Melbourne-based Invion Limited, a clinical-stage drug development company focused on the development of treatments for major market opportunities in inflammatory diseases including asthma, chronic bronchitis and lupus, has just announced favorable interim results from its ongoing Phase II clinical study of INV102 (nadolol) and its efficacy in assisting patients with chronic cough, or chronic obstructive pulmonary disease (COPD) to quit smoking.
The reported interim data from this double-blind placebo-controlled randomised clinical trial comes from an analysis of sputum samples obtained from patients who have reached 1) the maximum tolerated dose of INV102, likely upon their 6th visit to a research site, and 2) four weeks of the drug’s maximum tolerated dose, likely upon their 7th visit.
The researchers noted significant changes in 4 biomarkers of inflammation in participants treated with the drug, compared to those given a placebo. The noted biomarker responses among those treated are as follows:
- IL-8, a powerful chemoattractant for inflammatory cells, was stable between visits 6 and 7, with a median decrease in IL-8 levels compared to placebo which showed a median increase in IL-8 levels;
- ERK2, a biomarker for the beta arrestin pathway, showed a greater median decrease than placebo-treated patients resulting in a lower median value at visit 7 (487 v 1,910 pg/mL);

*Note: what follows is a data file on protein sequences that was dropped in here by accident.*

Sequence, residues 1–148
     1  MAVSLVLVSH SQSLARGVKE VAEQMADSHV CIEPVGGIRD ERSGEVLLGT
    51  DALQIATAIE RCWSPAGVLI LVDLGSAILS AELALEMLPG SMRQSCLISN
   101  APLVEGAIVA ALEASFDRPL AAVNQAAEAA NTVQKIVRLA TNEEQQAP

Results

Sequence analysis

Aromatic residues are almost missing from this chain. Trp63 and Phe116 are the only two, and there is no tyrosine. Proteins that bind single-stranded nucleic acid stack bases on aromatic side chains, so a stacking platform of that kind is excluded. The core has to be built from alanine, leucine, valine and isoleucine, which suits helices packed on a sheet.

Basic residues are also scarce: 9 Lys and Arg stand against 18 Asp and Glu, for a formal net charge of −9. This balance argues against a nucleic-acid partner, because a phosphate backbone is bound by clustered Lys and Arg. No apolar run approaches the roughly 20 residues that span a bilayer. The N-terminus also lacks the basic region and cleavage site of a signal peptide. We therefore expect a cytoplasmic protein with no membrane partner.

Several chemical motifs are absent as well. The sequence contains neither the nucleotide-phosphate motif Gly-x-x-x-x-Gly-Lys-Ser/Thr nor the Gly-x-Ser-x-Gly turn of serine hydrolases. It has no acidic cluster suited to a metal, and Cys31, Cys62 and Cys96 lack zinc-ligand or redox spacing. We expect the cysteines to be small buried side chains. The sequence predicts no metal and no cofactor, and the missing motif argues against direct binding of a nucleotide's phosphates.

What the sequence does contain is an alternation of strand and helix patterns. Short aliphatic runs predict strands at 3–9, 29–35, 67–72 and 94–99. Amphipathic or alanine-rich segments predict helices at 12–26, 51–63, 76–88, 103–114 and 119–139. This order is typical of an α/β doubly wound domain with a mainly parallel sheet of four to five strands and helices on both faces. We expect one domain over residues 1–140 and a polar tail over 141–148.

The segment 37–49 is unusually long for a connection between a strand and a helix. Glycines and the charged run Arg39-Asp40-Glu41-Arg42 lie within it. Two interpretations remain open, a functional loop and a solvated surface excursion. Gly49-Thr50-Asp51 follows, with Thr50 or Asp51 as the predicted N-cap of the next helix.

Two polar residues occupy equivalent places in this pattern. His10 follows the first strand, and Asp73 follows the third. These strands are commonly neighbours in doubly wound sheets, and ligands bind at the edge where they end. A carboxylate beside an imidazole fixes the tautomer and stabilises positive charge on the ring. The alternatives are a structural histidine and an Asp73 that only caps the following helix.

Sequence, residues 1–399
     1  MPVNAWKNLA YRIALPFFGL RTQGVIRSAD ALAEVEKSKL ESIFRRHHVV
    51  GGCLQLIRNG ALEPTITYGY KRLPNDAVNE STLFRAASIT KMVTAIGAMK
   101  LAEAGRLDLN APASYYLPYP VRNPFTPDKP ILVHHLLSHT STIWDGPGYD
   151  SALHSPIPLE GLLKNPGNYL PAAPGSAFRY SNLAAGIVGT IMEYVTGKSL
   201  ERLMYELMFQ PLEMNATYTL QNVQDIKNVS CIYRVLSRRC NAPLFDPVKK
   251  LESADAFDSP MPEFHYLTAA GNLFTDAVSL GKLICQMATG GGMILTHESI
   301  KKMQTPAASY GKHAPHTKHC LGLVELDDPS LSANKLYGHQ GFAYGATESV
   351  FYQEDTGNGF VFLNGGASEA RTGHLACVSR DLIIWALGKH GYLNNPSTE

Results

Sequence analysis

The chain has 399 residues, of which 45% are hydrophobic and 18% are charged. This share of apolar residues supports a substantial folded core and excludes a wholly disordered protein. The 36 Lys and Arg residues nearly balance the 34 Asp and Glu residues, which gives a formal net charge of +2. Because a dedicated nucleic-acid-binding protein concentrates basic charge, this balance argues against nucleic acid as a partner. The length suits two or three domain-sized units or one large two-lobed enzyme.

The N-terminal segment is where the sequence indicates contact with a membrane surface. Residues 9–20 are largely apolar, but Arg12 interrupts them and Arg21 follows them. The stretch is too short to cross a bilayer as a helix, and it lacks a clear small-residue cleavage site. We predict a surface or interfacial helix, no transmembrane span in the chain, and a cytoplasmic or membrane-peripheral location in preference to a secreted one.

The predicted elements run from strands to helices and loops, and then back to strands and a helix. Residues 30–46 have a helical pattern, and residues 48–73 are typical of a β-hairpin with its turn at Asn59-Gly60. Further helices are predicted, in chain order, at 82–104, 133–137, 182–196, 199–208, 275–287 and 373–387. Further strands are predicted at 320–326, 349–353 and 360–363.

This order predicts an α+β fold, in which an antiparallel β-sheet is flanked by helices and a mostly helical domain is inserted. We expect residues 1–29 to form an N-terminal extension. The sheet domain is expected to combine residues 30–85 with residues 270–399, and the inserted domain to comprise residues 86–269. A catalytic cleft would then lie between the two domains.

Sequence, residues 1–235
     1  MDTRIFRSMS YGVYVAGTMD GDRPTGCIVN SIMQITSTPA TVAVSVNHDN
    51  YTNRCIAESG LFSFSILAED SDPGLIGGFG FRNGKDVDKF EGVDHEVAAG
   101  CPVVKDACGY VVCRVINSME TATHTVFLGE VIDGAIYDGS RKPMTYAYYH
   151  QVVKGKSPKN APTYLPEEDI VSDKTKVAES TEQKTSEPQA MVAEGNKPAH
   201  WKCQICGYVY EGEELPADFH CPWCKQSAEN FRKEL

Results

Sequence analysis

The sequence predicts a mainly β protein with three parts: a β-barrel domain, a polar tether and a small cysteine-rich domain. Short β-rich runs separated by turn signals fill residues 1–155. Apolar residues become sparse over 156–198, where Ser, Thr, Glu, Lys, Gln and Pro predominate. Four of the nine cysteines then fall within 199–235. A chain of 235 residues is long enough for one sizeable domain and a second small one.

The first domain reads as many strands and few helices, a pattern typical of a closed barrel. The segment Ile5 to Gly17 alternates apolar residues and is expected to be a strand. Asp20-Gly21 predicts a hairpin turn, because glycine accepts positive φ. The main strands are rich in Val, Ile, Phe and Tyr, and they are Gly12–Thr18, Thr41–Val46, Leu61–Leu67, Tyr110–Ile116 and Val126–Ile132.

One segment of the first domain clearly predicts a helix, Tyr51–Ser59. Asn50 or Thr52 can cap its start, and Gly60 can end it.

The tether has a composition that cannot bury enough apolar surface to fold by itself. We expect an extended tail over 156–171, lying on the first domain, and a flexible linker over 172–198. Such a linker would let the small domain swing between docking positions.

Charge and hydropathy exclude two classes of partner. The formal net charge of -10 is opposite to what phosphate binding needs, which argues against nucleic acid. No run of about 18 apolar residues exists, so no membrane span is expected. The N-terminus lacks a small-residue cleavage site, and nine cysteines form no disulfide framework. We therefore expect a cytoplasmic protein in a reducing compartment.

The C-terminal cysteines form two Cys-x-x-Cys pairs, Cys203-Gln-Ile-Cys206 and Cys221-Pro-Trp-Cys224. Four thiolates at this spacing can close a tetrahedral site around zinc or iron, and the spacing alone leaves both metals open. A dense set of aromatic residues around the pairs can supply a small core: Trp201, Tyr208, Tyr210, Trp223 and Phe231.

- MUC 1, a glycoprotein that lines the surface of epithelial cells in the lung, showed a modest median decrease in patients receiving nadolol and placebo; and
- Neutrophils, the white blood cells that are the hallmark of inflammation of chronic bronchitis decreased 7% (mean) versus a mean increase of 1.4% in placebo patients.
“These results are exciting to Invion and this field of research for three primary reasons,” said Dr. Mitchell Glass, the Executive VP of R&D and Chief Medical Officer. “First, we have clear and clinically meaningful separation between subjects treated with nadolol versus placebo in four areas of biomarker investigation. Second, the pattern of individual neutrophil changes from visit 6 to visit 7 indicates a response to nadolol treatment. Third, ERK1/2 is a hallmark of the beta arrestin pathway, the blockade of which is central to our hypothesis concerning the unique mechanism of action of nadolol. Analysis is ongoing of MUC5AC, the abnormal mucin which is specific to COPD, which will further inform us about airway healing.”
“We recognize that we must interpret these results with caution, given their interim nature, the sample size, and the variability that naturally occurs in sputum analysis. However the results support our hypothesis regarding the clinical, regulatory and commercial potential of INV102 (nadolol), and also provide a strong foundation to our inhaled INV102 program, which is approaching a major development milestone.”
These interim results were obtained from early laboratory analyses at Washington University, St. Louis, MO, USA under the supervision of Dr. Mario Castro, the smoking cessation trial’s lead researcher.